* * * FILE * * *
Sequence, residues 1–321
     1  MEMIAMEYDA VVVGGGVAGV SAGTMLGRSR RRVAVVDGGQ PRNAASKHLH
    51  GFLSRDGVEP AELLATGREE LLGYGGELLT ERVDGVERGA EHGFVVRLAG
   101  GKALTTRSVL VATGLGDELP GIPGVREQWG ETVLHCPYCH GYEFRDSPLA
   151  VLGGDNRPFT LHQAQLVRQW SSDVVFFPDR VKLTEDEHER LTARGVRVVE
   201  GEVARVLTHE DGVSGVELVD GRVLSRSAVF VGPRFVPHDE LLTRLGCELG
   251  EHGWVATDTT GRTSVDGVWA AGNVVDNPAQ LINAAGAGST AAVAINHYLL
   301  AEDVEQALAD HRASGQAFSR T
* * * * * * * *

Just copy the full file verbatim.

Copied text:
Sequence, residues 1–321
     1  MEMIAMEYDA VVVGGGVAGV SAGTMLGRSR RRVAVVDGGQ PRNAASKHLH
    51  GFLSRDGVEP AELLATGREE LLGYGGELLT ERVDGVERGA EHGFVVRLAG
   101  GKALTTRSVL VATGLGDELP GIPGVREQWG ETVLHCPYCH GYEFRDSPLA
   151  VLGGDNRPFT LHQAQLVRQW SSDVVFFPDR VKLTEDEHER LTARGVRVVE
   201  GEVARVLTHE DGVSGVELVD GRVLSRSAVF VGPRFVPHDE LLTRLGCELG
   251  EHGWVATDTT GRTSVDGVWA AGNVVDNPAQ LINAAGAGST AAVAINHYLL
   301  AEDVEQALAD HRASGQAFSR T